Understanding often overlooked multi-cultural Afro-Latinos

LAS VEGAS (KTNV) — As we continue to celebrate Hispanic Heritage Month, we would like to highlight a group within the Hispanic community. Afro-Latinos are often overlooked when referring to Hispanics.

13 Action News host Rachel Moore shows us how Afro-Latin culture is shaped by its Hispanic heritage.

“I took a Latin jazz dance class, which is a jazz genre with Latin rhythms. That’s essentially what Afro-Latino culture is: This community shares Hispanic heritage, but their life experiences inform their rich culture due to their race and skin tone, which more closely reflects their African ancestors,” says Rachel.


The steps in this Latin jazz dance number are as intricate as the story it comes from.

Stephanie Case is co-owner of Moderno Dance Center. Her family is from Panama and she identifies as Afro-Latino, which was a background she always had to explain as a child.

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“Oh, you speak Spanish? Well that’s weird. Where are you from.” So it was like my norm because you don’t see as many Afro-Latinos as you see on TV or in movies or in a lot of places,” says Case.

Afro-Latinos make up 12 percent of the adult Latino population in the United States, and about half were born in the United States or Puerto Rico. The other half were born in foreign countries like Mexico, Cuba, the Dominican Republic and El Salvador.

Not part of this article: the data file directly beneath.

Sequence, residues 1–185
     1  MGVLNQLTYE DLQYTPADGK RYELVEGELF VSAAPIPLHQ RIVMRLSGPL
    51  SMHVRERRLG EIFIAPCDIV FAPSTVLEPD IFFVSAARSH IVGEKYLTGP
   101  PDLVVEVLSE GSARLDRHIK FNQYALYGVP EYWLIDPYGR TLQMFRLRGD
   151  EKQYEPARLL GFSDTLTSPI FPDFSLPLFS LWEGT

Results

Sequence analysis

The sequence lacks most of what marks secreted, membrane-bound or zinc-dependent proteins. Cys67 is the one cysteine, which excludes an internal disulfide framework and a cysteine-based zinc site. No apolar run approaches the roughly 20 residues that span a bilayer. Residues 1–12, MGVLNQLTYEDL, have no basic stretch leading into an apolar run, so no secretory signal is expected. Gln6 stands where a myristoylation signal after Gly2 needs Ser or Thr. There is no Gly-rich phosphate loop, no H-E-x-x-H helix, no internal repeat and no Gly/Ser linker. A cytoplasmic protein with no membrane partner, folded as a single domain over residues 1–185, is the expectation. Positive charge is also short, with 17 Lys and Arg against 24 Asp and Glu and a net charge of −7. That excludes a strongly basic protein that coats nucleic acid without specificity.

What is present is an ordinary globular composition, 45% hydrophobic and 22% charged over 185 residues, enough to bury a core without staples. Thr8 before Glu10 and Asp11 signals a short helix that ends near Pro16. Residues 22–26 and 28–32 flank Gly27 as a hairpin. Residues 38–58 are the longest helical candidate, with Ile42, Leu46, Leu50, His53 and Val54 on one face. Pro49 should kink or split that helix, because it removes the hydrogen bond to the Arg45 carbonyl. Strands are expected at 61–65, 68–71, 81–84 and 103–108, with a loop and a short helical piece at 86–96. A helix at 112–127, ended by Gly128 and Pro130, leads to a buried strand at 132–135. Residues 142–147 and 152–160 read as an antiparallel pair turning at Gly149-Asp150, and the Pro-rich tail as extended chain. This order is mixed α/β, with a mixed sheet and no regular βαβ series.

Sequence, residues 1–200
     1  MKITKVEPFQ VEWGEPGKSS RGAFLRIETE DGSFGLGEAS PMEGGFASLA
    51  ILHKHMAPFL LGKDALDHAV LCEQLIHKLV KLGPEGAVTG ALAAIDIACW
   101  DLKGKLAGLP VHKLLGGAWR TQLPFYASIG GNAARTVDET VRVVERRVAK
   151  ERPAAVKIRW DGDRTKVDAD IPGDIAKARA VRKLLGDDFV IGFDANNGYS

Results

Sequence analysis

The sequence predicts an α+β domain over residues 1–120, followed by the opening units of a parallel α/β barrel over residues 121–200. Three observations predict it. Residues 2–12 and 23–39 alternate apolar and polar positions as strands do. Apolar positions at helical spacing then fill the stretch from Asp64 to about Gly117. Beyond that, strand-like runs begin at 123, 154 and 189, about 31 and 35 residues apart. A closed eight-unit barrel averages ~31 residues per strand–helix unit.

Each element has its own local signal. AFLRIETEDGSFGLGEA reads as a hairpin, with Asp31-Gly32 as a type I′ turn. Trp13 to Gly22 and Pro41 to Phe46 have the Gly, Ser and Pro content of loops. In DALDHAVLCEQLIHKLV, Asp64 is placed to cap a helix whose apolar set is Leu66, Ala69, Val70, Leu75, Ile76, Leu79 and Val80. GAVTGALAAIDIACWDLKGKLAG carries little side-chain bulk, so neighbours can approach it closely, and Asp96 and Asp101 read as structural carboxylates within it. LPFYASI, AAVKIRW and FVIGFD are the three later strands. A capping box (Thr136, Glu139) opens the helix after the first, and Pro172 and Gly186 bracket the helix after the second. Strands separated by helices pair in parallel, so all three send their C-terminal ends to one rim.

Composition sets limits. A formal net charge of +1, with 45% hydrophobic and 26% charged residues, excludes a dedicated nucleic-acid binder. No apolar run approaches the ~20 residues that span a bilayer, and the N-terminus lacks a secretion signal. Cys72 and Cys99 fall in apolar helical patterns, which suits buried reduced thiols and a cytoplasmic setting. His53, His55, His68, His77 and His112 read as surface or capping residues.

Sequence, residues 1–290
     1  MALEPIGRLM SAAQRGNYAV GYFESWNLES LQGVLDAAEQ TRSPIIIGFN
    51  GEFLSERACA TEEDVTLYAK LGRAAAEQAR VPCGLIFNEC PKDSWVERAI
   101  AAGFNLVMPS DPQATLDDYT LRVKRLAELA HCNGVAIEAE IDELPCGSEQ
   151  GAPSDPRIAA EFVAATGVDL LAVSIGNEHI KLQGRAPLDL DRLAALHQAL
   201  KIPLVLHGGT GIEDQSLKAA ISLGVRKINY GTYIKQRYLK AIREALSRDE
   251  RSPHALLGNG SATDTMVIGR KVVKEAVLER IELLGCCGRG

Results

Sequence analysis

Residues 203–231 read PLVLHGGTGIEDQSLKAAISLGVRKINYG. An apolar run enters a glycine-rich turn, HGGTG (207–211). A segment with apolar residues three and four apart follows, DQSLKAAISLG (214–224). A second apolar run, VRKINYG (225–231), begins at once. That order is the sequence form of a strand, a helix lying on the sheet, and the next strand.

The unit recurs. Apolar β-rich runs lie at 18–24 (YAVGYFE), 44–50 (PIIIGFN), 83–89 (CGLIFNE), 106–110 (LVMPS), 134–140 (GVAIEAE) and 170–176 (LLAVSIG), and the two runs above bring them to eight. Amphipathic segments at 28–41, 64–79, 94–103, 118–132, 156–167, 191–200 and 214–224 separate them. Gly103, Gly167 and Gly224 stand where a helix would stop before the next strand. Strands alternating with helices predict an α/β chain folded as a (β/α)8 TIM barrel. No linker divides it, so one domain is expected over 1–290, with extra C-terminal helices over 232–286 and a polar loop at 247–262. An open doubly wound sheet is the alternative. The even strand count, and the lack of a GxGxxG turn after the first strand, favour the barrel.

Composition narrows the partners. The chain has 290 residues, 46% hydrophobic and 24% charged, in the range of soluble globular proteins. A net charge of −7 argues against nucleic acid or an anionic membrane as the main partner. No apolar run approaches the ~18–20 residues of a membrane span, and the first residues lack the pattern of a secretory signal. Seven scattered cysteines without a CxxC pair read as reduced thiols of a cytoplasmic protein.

“Afro-Latin culture is often forgotten, but we are here,” says Case.

It’s a common sentiment within the Afro-Latino community.

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During Latin America’s colonial era, about 15 times as many African slaves were brought to Spanish and Portuguese colonies as to the United States.


Nearly a quarter of the region’s Hispanic population is of African descent, according to Princeton University’s Project on Ethnicity and Race in Latin America. But the misconception of what a “proper” Latino looks like physically is at the root of the controversy.

Here in the US, about one-sixth of the Afro-Latino population does not identify as Hispanic. Skin color is an important factor.

“I grew up in a mostly African-American neighborhood, so naturally everyone asks me what I’m mixed with,” says Andre Thomas, a rideshare driver who relocated to Las Vegas from Chicago.

He identifies as Afro-Latino and says his father takes him to Puerto Rico every year to visit family.

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“When I was younger it was just about teaching us how to cook Spanish rice and stuff like that. Now they’re trying to teach me Spanish and really learn where we’re from,” says Thomas.


Remembering their ancestral origins while embracing their Afro-Latin ethnicity.

“If you go to any state, any country in the world and you go into a salsa environment, you will see everything. You’ll see people from all walks of life, and that’s really the beauty and blessing of this culture,” says Case.

In October, the Caribbean Festival comes to Las Vegas, showcasing the proud heritage of Afro-Latinos through music, dance, fashion and food right here in Nevada.”

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